On January 30, 1948, by Letter Protocol No. 153.561 from the Secretariat of State of Pope Pius XII, the Pontifical Commission for the Study and Ecclesiastical Evaluation of Films on Religious or Moral Subjects was established.
On September 17, 1948 Pope Pius XII approved the Pontifical Commission for Educational and Religious Films and extended to radio, television and film in 1952.
After consultation with the Bishops and the Catholic organizations concerned, the name of the Commission was once more changed, this time to the Pontifical Commission for the Cinema, Radio and Television, the statutes of which were approved by the Supreme Pontiff on December 31, 1954 and published in the Acta Apostolicae Sedis.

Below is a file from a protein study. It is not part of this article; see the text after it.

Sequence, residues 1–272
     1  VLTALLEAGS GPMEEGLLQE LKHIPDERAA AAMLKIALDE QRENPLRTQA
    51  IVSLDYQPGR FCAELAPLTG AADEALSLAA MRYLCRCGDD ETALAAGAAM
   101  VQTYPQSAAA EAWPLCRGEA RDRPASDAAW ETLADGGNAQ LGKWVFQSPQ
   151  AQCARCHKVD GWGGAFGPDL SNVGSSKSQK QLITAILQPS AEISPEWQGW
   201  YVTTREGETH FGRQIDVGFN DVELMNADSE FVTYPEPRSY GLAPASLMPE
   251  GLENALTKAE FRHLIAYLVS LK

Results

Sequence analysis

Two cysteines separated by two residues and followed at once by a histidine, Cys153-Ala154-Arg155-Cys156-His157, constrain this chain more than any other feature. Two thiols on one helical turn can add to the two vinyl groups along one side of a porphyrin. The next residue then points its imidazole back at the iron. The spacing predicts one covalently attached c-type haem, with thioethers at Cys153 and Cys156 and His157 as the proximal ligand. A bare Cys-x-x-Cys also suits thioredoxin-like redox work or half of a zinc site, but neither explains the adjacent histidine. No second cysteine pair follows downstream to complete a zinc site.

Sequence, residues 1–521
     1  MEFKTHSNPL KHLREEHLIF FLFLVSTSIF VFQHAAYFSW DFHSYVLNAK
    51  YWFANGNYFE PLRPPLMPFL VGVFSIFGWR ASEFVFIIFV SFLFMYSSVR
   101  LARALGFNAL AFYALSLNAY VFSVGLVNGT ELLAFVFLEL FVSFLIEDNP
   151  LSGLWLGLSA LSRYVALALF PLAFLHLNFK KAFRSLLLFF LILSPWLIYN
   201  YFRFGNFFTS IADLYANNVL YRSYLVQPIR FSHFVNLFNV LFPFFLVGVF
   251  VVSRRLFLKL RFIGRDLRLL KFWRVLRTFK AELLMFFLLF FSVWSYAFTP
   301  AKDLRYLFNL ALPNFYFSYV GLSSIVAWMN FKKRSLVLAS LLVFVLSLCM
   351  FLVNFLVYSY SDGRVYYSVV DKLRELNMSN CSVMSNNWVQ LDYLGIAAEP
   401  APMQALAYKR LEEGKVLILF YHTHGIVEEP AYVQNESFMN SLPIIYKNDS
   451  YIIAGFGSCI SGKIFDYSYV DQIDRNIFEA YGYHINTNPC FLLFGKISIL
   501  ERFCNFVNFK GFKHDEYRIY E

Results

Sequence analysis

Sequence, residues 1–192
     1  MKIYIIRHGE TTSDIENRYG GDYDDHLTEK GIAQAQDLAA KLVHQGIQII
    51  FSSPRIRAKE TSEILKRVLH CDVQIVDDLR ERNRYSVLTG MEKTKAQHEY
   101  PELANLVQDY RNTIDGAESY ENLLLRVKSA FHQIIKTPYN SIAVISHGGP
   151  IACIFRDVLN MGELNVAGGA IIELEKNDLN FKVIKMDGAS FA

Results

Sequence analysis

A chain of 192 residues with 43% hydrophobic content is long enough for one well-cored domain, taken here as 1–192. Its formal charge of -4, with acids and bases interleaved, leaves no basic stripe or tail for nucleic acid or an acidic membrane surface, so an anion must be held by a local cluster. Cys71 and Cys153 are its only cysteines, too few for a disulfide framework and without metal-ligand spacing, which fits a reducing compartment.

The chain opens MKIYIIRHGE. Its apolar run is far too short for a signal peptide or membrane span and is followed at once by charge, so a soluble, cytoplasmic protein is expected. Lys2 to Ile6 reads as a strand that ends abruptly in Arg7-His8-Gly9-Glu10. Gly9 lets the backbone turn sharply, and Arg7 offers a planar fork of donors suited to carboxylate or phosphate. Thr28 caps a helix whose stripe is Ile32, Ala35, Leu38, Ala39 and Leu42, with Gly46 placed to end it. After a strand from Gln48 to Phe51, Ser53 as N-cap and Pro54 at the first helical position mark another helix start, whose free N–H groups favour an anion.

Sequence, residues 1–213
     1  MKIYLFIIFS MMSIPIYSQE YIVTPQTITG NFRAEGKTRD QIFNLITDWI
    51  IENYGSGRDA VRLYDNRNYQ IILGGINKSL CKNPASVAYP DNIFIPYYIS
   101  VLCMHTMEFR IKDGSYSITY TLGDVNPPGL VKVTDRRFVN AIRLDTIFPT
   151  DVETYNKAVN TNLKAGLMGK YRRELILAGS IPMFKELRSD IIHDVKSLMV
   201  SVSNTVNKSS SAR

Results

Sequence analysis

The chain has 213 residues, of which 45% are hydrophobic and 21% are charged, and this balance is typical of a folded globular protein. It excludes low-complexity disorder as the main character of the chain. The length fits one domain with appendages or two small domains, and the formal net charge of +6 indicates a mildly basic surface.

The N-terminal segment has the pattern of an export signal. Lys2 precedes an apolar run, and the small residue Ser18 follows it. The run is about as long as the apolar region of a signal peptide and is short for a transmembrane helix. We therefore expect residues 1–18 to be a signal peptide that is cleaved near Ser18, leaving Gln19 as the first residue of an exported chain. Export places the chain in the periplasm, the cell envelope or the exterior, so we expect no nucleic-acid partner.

In 1959 the commission becomes a permanent institution within the Vatican structure working under the Secretariat of State.
His Holiness Paul VI transformed the existing Commission into the Pontifical Commission for Social Communications on 2nd April 1964, responsible for dealing with all the problems raised by the cinema, radio, television, OCIC, UNDA, UCIP (Union Catholique Internationale de la Presse) and the daily and periodical press in relation to the interests of the Catholic religion.